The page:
Julio Robaina

The founders realized that in order to establish a government among men they would have to obtain the consent of the governed.  In other words, in order to govern a group of people one needs their permission.  So where and how did we go off the straight and narrow when it comes to getting the “consent of the governed” in the millions of residential associations in the US?  What I find bewildering is that while the “governed” in HOAs and condos far outnumber the “governors”, they do not face much resistance.  

Julio Robaina joins us On The Commons.  Julio, a former state of Florida Representative spent time traveling around the state, holding hearings trying to understand the extent of the problems and the reason for the discontent in Floridas HOAs and condominiums.   He listened to the owners’ stories and their ideas and suggestions of how to “fix” the problems.  Once educated on the issues and armed with information, he drafted his bills designed to protect the rights of the homeowners residential associations. He now co-owns a management company so he is still very much involved.  We talk to Julio about what he learned and whether the laws and protections put in place by him several years ago are still enforced now.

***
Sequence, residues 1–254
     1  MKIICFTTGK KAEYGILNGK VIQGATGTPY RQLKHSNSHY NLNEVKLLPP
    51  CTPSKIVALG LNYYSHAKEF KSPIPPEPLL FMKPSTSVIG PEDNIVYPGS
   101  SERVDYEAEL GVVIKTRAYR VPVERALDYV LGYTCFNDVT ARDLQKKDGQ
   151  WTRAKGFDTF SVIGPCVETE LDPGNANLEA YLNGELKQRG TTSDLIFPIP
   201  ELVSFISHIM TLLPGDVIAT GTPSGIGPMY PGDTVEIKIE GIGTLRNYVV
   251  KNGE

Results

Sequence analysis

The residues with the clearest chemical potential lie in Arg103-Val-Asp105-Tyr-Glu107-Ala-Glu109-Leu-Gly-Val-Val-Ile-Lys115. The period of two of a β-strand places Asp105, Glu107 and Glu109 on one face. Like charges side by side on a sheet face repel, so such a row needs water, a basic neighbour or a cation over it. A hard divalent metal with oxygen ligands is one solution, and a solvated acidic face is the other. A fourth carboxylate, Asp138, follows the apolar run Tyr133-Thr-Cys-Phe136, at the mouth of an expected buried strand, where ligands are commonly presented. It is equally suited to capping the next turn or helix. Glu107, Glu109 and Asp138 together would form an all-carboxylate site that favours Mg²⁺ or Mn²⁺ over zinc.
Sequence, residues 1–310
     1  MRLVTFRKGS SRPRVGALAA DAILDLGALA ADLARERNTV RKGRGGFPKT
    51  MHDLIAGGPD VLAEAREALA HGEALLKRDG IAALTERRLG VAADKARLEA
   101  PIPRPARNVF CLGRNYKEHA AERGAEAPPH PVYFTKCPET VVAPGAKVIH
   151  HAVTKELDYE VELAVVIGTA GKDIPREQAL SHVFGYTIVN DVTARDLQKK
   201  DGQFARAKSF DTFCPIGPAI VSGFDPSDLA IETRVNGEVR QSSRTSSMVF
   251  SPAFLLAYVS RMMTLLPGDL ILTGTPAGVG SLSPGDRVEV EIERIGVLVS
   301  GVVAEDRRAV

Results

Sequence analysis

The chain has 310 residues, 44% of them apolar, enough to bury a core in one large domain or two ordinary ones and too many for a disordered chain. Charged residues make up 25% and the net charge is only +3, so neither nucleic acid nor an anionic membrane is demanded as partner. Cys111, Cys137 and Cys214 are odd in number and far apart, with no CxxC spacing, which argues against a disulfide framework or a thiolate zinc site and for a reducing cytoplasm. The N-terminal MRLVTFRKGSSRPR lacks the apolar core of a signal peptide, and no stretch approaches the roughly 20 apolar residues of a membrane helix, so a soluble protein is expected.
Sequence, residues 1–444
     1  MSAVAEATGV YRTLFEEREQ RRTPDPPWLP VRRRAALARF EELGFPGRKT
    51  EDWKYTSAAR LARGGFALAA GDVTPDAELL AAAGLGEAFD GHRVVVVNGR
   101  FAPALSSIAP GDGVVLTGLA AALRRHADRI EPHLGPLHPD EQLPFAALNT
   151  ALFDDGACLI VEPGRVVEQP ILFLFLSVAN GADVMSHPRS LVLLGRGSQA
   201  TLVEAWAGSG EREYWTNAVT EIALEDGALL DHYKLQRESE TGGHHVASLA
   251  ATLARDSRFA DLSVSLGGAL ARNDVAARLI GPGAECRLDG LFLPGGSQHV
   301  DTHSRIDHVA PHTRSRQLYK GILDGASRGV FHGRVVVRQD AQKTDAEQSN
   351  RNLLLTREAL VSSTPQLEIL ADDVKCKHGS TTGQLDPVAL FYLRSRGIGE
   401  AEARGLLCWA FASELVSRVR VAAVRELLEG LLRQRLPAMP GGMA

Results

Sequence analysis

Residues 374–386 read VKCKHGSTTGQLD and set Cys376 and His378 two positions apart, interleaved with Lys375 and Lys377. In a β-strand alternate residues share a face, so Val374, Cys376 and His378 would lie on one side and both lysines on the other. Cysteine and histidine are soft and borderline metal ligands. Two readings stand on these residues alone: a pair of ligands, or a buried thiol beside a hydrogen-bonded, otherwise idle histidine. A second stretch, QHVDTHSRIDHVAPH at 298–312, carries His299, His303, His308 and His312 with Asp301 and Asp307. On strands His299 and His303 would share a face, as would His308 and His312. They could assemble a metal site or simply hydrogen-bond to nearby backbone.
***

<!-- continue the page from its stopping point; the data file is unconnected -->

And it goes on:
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2 thoughts on “Julio Robaina”

  1. Great to hear from Julio Robaina, and glad to hear Jose Pazos is a candidate in the special election. Florida needs Legislators that represent the interests of their constituents, not just special interests in the real estate sector.

    Agree with almost everything Julio talked about — get involved, make friends with the media, find strength in numbers, be clear about goals and propose solutions to Legislators.

    But, like Shu, I disagree with the often spoken statement, “Association living is here to stay.”

    No, it’s not. It’s up to concerned citizens and voters to put an end to creating more and more communities ruled by HOA/condo/co-op governance as we know it. Americans need to be vocal about their distaste for HOAs, because they unnecessarily over-regulate the lives of owners and residents.

    And I know darn well that the majority political party in Florida and many states across the U.S. hates regulation. So it’s ironic that Americans are more regulated than ever, at the hyperlocal level, in their own homes by HOAs (including condos and co-ops).

    Like Shu, I know it is possible for a variety of different housing types to exist without privatizing governance in the form of a developer-centric corporate association, and without pages of onerous CC&Rs that serve no beneficial purpose and, in fact, tend to contradict good public policy.